This recipe is actually a classic recipe that I got off of the Baker’s unsweetened chocolate box. I use 2 teaspoons of pure vanilla extract and I under-bake the recipe so that the brownies have a crusty topping but are moist and fudge-like inside.
This outstanding fruit dessert recipe was sent to my mother by my Aunt Maggie at least 45 years ago. For reasons lost on me, they called it “Apple Dumb.” When they used plums, it was “Plum Dumb.” This was standard with them — they loved good food and silliness in equal measure.
Isn’t it fun to look at gorgeous pastries and desserts and fantasize about making (and eating) them? When it comes down to it, though, how often do you do it? Really, except for when I want to dazzle someone with a gift or it’s a holiday, I nearly always opt for simple.
Courtesy of Rose Levy Beranbaum, Real Baking With Rose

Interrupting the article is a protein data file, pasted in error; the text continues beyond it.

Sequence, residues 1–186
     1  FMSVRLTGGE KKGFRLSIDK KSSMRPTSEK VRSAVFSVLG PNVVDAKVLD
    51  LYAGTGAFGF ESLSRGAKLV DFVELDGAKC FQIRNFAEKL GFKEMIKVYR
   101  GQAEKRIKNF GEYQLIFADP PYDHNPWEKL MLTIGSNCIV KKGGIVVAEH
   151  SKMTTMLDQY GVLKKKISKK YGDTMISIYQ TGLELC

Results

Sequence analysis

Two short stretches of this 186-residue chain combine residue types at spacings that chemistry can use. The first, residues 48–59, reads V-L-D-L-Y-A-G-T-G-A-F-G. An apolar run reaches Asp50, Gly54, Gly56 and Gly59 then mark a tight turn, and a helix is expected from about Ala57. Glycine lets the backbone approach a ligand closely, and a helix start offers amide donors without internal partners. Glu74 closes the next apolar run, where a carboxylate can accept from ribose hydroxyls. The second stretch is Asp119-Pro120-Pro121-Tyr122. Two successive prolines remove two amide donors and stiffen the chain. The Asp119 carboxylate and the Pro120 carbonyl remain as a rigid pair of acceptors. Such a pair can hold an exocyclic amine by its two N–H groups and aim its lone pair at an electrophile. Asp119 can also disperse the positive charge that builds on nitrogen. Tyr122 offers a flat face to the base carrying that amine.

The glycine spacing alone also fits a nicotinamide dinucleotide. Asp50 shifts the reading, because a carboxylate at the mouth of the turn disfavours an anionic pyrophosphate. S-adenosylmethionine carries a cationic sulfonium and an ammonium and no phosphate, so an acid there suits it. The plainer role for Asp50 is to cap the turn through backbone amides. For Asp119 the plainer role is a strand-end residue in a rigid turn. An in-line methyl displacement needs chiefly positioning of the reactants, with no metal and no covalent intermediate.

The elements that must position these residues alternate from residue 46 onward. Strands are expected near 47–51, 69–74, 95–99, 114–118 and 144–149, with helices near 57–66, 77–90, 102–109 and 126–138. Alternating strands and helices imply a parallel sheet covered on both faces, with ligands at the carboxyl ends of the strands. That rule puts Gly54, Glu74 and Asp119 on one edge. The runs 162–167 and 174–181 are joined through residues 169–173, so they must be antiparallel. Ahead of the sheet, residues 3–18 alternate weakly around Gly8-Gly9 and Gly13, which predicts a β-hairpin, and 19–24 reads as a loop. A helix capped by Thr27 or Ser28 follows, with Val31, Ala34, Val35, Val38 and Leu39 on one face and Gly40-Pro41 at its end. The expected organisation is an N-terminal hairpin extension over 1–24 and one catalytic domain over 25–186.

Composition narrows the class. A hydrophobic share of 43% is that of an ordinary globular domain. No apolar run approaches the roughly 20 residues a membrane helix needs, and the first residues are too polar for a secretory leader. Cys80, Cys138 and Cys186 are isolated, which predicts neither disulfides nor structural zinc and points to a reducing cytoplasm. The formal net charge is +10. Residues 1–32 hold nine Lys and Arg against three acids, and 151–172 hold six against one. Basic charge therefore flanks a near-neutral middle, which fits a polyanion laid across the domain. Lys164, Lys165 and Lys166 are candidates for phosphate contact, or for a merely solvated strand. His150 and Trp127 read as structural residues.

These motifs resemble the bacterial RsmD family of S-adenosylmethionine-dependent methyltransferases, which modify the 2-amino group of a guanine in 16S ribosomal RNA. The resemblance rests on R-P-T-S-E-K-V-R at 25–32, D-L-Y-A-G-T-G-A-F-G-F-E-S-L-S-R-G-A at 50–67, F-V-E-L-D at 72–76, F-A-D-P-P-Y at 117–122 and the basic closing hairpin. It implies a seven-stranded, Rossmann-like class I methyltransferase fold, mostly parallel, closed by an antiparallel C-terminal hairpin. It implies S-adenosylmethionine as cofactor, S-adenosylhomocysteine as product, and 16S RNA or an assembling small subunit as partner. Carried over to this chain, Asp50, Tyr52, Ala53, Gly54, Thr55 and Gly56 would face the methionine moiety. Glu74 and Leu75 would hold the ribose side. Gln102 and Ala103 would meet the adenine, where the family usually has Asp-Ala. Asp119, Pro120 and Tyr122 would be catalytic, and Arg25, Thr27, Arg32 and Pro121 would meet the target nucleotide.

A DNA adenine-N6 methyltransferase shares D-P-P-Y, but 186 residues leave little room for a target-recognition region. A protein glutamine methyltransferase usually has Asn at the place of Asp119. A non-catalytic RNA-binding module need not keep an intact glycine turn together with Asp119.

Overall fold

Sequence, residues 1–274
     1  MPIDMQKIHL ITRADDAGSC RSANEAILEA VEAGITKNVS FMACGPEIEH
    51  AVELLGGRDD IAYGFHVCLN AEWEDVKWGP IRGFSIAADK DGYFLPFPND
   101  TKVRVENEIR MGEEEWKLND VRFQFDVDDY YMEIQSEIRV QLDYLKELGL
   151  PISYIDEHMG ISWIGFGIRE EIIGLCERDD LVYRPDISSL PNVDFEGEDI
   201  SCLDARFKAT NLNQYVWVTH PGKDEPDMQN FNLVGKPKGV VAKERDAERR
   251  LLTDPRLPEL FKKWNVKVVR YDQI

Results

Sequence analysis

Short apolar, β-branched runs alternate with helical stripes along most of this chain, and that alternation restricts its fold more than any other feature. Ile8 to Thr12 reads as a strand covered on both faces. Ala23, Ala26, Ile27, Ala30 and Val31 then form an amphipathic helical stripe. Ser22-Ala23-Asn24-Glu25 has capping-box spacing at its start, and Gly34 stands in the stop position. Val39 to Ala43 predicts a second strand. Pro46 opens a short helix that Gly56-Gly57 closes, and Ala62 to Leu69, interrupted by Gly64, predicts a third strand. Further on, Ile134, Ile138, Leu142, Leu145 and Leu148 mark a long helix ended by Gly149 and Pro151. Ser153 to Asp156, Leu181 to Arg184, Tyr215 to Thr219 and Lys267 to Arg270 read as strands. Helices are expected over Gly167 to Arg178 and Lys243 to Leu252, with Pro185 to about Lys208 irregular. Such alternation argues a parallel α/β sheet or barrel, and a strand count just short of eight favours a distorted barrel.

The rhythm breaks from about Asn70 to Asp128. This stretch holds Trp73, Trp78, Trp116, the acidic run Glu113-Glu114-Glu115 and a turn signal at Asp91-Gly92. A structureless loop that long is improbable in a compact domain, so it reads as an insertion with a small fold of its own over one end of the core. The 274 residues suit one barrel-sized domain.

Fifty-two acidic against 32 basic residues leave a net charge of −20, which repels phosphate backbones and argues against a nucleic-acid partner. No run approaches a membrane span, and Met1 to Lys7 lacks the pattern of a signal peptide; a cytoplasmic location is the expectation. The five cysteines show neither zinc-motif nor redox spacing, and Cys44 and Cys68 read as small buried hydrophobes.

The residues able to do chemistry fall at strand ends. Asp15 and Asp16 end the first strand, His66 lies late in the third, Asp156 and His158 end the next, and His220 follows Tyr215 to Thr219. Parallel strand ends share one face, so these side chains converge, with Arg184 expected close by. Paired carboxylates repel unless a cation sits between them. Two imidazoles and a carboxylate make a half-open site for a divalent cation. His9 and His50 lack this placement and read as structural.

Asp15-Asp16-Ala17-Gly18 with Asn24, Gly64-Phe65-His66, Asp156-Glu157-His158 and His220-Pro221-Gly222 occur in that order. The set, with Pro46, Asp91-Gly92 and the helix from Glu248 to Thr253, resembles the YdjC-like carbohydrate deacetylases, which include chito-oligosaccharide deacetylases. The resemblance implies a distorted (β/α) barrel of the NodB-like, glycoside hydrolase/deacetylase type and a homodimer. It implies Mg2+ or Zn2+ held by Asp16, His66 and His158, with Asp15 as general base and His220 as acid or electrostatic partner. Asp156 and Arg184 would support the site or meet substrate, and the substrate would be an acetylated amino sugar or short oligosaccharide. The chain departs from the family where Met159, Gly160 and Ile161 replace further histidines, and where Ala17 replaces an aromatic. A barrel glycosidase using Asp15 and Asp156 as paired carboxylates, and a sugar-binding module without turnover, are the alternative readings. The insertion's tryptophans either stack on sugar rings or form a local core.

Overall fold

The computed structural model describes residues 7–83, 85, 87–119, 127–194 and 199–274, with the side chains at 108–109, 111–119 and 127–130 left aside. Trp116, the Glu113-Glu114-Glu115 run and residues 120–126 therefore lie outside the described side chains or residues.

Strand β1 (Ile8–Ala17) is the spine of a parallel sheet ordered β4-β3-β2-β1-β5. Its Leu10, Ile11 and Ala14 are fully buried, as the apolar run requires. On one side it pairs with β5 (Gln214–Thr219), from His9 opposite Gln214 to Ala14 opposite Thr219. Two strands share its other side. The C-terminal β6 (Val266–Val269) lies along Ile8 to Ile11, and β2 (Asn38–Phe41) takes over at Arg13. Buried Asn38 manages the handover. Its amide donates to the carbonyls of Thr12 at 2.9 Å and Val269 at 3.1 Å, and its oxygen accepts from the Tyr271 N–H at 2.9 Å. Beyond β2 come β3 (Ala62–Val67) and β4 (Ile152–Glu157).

I long resisted the charms of Rose Red Velvet Cake, believing it to be merely a layer cake tinted red with a bottle of food coloring. But when several people on my blog sang its praises, I decided to investigate it more thoroughly. It turns out that there is more to this cake than its shocking color. This beloved southern cake is traditionally prepared with oil, a mere suspicion of cocoa, and a teaspoon of white vinegar, which raises the acidity of the batter and intensifies its color. The liquid component is usually buttermilk, which is thought to raise the acidity as well, although the baking soda normally used neutralizes most of the acidity and makes the crumb more coarse and the color darker. So, when I created my
version of this classic, I used only baking powder to employ the full acidity of the buttermilk, making vinegar unnecessary. I also used half oil and half butter for the flavor-enhancing qualities of butter and the moist, softening quality of the oil. The resulting cake is as flavorful and tender as you can hope for and stays soft enough to eat even straight from the fridge. A heart-shape pan is perfect for Valentine’s Day. And the contrast of the white chocolate cream cheese buttercream against the red cake is alluring.